By Nikki Johnson, Chief Dog Officer & Canine Behaviorist
Kennel Cough is one of the most common forms of dog illness. What is it, why is it so difficult to prevent, and how can I help my furry friend get over it as quickly as possible?
What is Kennel Cough?
The medical name for kennel cough is “canine infectious tracheobronchitis” (try saying that 10 times fast). It is caused by the Bordetella bacteria. Unfortunately, it is very common that while your dog’s immune system is fighting off this bacterium their weaken systems become a target for a whole number of viruses, i.e. adenovirus, parainfluenza, distemper and canine reovirus. The symptoms of kennel cough are wheezing, coughing and phlegm (especially when your dog is excited). These symptoms can get more severe when the infection is stronger, just like when you have a cold. If your dog seems lethargic, unable to sleep comfortably, doesn’t want to eat or shows other signs of distress you should bring them to the veterinarian.
Why is it so difficult to prevent?
Kennel cough is often described as the “common cold” of the dog world. It’s an upper respiratory infection that’s spread through the air. Just like humans during the winter, dogs can spread their colds to each other by being close to their doggy family, friends, and neighbors. Kennel cough can travel as far from an infected dog as the distance of 1 city block. So, if an infected dog is walking around their neighborhood, they can spread it to the other dogs in their neighborhood without having direct contact between dogs. By educating yourself, friends, and neighbors, on how to recognize potential infected areas, and then avoiding them, one can help mitigate the spread of the cough.
As we live in denser urban areas the risk of kennel cough becomes more prevalent. Many healthy dogs can fight kennel cough and overcome it on their own. While others need medication from their veterinarian. It is best to consult your veterinarian and decide on what treatment method you think is best for your dog. Not all treatments and care plans are meant for every dog. Do not feel uncomfortable telling your dog’s veterinarian if you want to try another method than the one initially recommended. They should respect your decision and come up with a care plan with which you are comfortable.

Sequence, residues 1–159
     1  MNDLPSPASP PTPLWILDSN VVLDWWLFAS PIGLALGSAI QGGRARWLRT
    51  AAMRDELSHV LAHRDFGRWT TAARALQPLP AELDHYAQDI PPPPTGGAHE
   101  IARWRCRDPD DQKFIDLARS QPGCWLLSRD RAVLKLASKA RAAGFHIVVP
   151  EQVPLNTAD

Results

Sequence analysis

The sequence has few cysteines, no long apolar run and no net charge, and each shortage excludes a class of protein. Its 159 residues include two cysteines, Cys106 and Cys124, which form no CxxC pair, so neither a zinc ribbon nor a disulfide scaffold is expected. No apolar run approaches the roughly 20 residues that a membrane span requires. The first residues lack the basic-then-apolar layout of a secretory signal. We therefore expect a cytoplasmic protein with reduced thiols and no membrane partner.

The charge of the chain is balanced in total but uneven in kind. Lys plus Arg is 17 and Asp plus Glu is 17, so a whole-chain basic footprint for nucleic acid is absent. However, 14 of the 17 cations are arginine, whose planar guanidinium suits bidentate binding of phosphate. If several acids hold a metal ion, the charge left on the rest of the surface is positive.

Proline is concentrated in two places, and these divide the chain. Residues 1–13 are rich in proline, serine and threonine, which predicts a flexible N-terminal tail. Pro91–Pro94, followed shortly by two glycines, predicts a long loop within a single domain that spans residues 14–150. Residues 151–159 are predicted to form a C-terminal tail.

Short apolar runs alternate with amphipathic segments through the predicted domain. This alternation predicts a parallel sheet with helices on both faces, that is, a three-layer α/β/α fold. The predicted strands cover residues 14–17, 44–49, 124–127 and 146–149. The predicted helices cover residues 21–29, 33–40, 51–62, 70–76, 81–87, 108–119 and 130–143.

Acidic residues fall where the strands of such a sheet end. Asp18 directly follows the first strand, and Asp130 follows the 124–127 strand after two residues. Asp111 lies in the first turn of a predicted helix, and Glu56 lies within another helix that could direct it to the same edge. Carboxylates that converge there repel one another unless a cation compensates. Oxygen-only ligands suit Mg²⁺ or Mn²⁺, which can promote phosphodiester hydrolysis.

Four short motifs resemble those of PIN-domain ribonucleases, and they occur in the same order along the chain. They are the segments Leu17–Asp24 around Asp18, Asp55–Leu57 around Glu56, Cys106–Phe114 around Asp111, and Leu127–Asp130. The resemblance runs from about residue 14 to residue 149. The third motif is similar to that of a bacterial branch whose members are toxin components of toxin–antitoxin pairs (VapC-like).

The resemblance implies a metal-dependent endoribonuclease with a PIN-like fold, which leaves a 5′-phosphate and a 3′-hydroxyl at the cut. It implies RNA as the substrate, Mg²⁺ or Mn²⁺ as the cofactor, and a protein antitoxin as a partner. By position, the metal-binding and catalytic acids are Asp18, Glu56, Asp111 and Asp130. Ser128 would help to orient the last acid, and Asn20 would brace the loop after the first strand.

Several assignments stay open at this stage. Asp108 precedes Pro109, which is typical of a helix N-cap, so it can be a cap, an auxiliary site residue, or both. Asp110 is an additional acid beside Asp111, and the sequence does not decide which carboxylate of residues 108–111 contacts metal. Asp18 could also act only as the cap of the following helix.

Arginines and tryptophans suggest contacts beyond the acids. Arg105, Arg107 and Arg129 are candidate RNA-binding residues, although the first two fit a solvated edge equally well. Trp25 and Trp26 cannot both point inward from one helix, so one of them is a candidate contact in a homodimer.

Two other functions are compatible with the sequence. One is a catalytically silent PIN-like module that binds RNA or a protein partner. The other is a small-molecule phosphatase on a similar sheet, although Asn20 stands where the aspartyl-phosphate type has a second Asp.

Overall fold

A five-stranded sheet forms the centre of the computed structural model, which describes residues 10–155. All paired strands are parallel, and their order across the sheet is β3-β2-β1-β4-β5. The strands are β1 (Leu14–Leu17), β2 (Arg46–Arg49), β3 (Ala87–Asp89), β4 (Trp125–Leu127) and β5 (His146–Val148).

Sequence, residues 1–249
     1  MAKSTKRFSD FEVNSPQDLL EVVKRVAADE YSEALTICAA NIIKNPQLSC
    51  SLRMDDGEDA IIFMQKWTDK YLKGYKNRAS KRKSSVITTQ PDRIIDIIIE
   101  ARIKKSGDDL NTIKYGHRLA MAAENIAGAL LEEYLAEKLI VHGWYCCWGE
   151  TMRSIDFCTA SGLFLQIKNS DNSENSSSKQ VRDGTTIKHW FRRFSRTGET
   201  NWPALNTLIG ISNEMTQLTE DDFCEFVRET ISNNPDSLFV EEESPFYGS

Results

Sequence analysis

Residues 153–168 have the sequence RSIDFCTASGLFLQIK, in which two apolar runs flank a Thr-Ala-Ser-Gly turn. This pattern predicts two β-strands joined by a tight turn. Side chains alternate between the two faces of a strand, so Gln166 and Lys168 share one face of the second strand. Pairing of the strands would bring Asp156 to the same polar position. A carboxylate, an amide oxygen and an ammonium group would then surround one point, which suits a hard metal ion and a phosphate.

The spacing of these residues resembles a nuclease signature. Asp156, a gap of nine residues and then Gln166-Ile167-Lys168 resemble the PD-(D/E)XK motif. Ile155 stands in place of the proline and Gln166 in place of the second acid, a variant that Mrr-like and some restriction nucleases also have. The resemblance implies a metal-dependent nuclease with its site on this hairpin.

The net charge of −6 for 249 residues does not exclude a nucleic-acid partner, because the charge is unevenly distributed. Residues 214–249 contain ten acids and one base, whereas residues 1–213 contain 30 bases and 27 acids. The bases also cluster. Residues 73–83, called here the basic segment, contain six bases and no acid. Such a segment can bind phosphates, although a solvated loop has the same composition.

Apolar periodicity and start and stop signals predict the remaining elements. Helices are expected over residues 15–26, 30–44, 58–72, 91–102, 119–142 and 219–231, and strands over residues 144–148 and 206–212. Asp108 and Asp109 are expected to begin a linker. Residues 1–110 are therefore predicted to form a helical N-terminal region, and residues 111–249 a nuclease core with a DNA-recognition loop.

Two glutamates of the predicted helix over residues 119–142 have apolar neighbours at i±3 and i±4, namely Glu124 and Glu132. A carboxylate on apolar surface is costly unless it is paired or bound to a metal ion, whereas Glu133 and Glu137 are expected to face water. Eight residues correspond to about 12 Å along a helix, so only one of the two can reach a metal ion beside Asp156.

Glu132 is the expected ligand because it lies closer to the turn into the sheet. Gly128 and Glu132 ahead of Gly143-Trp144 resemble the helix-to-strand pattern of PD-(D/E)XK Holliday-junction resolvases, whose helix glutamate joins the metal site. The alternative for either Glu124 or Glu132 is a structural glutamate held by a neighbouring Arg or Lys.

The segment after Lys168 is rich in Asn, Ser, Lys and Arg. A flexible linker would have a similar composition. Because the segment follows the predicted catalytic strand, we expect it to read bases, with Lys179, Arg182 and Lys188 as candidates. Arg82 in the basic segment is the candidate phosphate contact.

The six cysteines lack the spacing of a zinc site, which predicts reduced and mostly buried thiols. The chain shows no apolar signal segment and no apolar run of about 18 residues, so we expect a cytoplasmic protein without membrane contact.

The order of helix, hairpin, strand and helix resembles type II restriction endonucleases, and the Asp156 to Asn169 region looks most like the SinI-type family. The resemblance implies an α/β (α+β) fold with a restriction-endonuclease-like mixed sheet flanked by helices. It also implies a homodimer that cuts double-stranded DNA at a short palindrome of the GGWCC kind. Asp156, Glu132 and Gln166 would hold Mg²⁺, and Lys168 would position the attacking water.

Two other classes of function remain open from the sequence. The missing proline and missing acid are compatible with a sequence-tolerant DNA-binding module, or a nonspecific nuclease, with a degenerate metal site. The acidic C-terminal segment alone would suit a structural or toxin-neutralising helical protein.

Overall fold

Although most dogs are vaccinated against these common viruses, just like in human vaccines, the canine vaccines cannot protect against all forms of kennel cough or virus.
How can I “naturally” make my sick pooch feel better?
Coconut oil is one method we use for Pickles the dog! He loves it and we credit coconut oil with keeping his coat shiny and soft. It is also an inexpensive, easy, and a delicious way to enhance your dog’s meals while combating kennel cough other nasty viruses. Coconut oil contains medium chain fatty acids. Those fatty acids are anti-viral and anti-bacterial. A recommended daily dose to fight kennel cough is 1-2 teaspoons per 10lbs of body weight. As a preventative measure or after your dog has recovered a dose of .5-1 teaspoon per 10lbs of body weight is ideal. This can be given in food or on its own.
Pro Tip for feeding your dog coconut oil: Freeze a small amount of peanut butter in the bottom of a kong (on the inside of the small hole), partially melt a small amount of coconut oil and pour into the larger hole of the kong, add the rest of the coconut oil in the solid form at room temperature, freeze the kong overnight and serve to your dog.
Raw Honey is something that most dogs love. Dogs have a natural love of sweets. So giving them honey is not only a great way to make them happy but also combat illnesses. Honey has antiviral, anti-inflammatory, antibacterial, antimicrobial, and anti-fungal properties.
Pro Tip for feeding your dog honey, especially while they have a sore throat: A ‘slow-feeder’ bowl can be used as a food puzzle for your dog to enjoy while you’re away at work or sitting around the house. Try putting your dog’s daily dose of honey in a slow feeder then put it in the freezer overnight. Your dog will spend a lot of time licking the honey out of the bottom of the slow-feeder.
*Information in this article found on Pets.webmd.com & TheHonestKitchen.com